We see a lot of these hip-hop films that show us the difficulties of living in “the ghetto” or “the hood”, and these films get to be a little routine after a while. There has to be some unique quality that sets it apart. Dope (2015) puts ‘90s culture, the videogame nerd community, and a newer and blitzier way of telling a story and creating compelling characters that get themselves so far involved in a plot, it almost stresses you out and makes you wonder: “where can these kids go from here?”
Big names went into producing this feature and it’s not surprising why with a striking script like this. Produced by Forest Whitaker, Pharrell Williams, and P. Diddy, Dope had a good thing going for it from the get-go. It was also in good hands, being directed by Nigerian-American director Rick Famuyiwa who has films like The Wood (1999), Brown Sugar (2002), and Talk to Me (2007) in his repertoire.
So we dive right into Dope with Malcolm Adekanbi (played by rapper/actor Shameik Moore, taking his first lead role with this feature) is a nerdy high school senior in a shifty Californian neighbourhod looking to break out to bigger and better things through a hopeful acceptance into Harvard. He’s accompanied by his friends Jib (Tony Revolori who you might recognize from The Grand Budapest Hotel (2014)) and Diggy (Kiersey Clemons, who also plays on the award-winning show Transparent) as they unwittingly get involved in the drug trade after a fateful party that goes off the rails. Malcolm becomes a duality: part geek with a future and part renegade drug-dealer.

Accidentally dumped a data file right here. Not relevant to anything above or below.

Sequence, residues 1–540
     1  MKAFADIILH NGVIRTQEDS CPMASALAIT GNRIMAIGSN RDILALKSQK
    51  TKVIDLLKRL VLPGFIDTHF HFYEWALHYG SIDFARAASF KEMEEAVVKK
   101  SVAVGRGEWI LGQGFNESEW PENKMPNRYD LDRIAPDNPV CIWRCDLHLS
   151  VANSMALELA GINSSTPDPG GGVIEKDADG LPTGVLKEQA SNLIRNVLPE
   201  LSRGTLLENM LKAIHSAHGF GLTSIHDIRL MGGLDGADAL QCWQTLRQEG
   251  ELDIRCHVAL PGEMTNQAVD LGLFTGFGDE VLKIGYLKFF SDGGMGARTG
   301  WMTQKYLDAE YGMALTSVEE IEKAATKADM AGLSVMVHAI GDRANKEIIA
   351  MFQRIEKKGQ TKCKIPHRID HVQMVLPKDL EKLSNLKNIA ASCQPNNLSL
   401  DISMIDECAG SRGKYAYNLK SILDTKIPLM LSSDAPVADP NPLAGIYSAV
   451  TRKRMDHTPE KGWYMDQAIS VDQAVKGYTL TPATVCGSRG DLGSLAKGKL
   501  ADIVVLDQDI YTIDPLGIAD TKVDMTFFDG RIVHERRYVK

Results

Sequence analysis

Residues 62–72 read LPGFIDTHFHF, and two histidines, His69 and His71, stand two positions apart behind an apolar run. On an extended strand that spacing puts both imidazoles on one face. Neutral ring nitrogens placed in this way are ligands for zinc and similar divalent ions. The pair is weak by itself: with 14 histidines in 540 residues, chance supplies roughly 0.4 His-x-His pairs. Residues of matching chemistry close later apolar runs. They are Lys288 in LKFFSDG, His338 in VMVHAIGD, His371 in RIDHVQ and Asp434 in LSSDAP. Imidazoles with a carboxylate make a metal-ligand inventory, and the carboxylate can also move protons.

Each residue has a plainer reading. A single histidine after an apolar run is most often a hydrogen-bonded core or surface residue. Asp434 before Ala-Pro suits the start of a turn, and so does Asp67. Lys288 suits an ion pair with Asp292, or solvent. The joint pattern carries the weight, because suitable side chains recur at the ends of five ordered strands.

Having the nerd as the underdog hero may seem like a tired concept, but when the hero is an adamant hip-hop fan as well, it adds a bit more flavour. Right from the get-go, the film’s vibe is fun and the characters are likable. As with a few other indie films (to the point of becoming a bit of a trend), this film’s cinematography is stark and colourful. There’s something oddly Revenge of the Nerds (1984) about this movie if it were updated, racialized, and a lot less hokey. It ends pretty ambiguously, leaving the audience to decide what Malcom truly is: a nerd with a bright future or a dope-dealer doomed to fall in line with the stereotypes surrounding the hood. The journey – all at once hilarious, shocking and with grim realities – has you making up your own mind.